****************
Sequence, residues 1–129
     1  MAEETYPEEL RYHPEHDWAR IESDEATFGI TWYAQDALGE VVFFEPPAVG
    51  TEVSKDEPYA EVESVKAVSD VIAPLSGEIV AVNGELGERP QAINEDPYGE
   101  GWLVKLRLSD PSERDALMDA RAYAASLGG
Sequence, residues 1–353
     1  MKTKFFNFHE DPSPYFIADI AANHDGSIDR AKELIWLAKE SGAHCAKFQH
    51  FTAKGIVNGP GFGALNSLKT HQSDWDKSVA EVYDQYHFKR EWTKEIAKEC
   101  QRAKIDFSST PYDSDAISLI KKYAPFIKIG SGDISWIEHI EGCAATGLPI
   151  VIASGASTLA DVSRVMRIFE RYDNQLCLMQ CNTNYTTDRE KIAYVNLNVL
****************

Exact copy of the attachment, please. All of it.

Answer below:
Sequence, residues 1–129
     1  MAEETYPEEL RYHPEHDWAR IESDEATFGI TWYAQDALGE VVFFEPPAVG
    51  TEVSKDEPYA EVESVKAVSD VIAPLSGEIV AVNGELGERP QAINEDPYGE
   101  GWLVKLRLSD PSERDALMDA RAYAASLGG
Sequence, residues 1–353
     1  MKTKFFNFHE DPSPYFIADI AANHDGSIDR AKELIWLAKE SGAHCAKFQH
    51  FTAKGIVNGP GFGALNSLKT HQSDWDKSVA EVYDQYHFKR EWTKEIAKEC
   101  QRAKIDFSST PYDSDAISLI KKYAPFIKIG SGDISWIEHI EGCAATGLPI
   151  VIASGASTLA DVSRVMRIFE RYDNQLCLMQ CNTNYTTDRE KIAYVNLNVL